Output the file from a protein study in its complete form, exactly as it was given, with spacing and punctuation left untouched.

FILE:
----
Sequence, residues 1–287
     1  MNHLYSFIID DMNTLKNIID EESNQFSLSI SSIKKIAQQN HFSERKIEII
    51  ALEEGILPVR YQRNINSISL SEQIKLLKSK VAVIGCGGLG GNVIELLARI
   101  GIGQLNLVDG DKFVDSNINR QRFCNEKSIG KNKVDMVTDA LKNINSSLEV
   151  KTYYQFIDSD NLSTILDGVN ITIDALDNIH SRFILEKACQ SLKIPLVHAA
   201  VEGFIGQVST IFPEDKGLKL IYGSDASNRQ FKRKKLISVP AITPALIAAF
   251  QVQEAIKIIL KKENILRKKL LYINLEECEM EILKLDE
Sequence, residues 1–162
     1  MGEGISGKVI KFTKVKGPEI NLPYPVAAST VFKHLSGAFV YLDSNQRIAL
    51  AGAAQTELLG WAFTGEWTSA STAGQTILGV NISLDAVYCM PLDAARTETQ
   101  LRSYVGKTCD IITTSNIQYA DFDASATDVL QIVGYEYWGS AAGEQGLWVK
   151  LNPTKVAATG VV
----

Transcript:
Sequence, residues 1–287
     1  MNHLYSFIID DMNTLKNIID EESNQFSLSI SSIKKIAQQN HFSERKIEII
    51  ALEEGILPVR YQRNINSISL SEQIKLLKSK VAVIGCGGLG GNVIELLARI
   101  GIGQLNLVDG DKFVDSNINR QRFCNEKSIG KNKVDMVTDA LKNINSSLEV
   151  KTYYQFIDSD NLSTILDGVN ITIDALDNIH SRFILEKACQ SLKIPLVHAA
   201  VEGFIGQVST IFPEDKGLKL IYGSDASNRQ FKRKKLISVP AITPALIAAF
   251  QVQEAIKIIL KKENILRKKL LYINLEECEM EILKLDE
Sequence, residues 1–162
     1  MGEGISGKVI KFTKVKGPEI NLPYPVAAST VFKHLSGAFV YLDSNQRIAL
    51  AGAAQTELLG WAFTGEWTSA STAGQTILGV NISLDAVYCM PLDAARTETQ
   101  LRSYVGKTCD IITTSNIQYA DFDASATDVL QIVGYEYWGS AAGEQGLWVK
   151  LNPTKVAATG VV